Chief Taku concludes in his contribution to Justice Belied that the ICTR established a new concept of international law, viz., ‘genocidal, ethnic-based justice’. Instead of prosecuting those who had targeted their victims on the basis of their ethnicity, one category of perpetrators were prosecuted on the basis of their ethnicity. This established the myth of the Hutus as sole perpetrators, with dire consequences of their civil rights henceforth; and the Tutsi as sole victims.[103] ‘The moment the RPF seized power, the US gave them immediate recognition. They chose the strongman [Kagame] over the Arusha Peace Accord and arranged for the defeated government to go to the Arusha court.’ So what about the plan for the genocide?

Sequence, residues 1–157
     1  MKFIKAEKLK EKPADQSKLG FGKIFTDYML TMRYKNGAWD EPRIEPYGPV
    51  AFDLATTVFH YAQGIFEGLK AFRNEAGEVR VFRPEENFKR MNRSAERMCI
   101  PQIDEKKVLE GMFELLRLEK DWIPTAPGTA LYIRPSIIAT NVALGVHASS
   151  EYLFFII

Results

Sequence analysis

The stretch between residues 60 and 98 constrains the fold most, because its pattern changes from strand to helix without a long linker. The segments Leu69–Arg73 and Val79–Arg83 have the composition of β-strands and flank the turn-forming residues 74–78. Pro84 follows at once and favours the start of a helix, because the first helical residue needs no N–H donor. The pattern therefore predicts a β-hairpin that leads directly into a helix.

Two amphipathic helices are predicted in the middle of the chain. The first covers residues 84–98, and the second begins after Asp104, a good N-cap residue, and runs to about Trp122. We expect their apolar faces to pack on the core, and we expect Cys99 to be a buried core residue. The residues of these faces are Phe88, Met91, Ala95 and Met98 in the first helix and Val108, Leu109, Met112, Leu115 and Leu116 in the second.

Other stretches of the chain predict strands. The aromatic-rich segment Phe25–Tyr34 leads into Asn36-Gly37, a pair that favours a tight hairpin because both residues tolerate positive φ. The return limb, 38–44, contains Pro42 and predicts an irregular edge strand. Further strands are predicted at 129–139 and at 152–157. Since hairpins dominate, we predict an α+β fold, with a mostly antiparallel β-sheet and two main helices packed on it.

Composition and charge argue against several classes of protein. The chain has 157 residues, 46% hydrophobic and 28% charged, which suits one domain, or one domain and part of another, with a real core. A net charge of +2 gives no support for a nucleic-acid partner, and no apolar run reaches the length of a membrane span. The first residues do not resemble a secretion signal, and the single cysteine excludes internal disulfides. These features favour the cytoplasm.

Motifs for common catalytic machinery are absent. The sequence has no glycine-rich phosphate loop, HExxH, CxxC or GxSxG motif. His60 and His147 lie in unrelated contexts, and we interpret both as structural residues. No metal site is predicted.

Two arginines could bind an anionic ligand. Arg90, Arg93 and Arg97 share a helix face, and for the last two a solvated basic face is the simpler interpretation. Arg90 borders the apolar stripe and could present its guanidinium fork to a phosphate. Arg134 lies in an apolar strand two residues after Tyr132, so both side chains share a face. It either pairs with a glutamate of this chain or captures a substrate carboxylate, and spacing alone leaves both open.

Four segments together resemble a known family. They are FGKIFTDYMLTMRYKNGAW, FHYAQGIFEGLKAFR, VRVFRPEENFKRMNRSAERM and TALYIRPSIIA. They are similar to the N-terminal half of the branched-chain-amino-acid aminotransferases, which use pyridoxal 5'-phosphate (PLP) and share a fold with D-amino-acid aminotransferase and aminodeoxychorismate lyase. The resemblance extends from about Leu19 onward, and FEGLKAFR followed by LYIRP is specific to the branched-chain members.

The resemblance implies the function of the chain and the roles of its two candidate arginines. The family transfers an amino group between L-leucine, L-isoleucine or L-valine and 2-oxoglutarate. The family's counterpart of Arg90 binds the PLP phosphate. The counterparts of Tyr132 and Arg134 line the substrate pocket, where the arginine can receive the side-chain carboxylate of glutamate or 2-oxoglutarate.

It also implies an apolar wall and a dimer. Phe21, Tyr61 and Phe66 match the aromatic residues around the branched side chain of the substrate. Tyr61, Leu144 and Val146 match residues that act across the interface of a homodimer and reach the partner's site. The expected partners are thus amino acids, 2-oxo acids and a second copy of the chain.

All these years of imprisonment later, the courts have not found a conspiracy or orders to commit genocide. Supporters of the Arusha Peace Accord have been doing time, while a military adventurer, personally advised by former British Prime Minister Tony Blair, rules Rwanda, intervenes in Congo, assassinates opponents, and receives foreign admirers in Kigali.[104]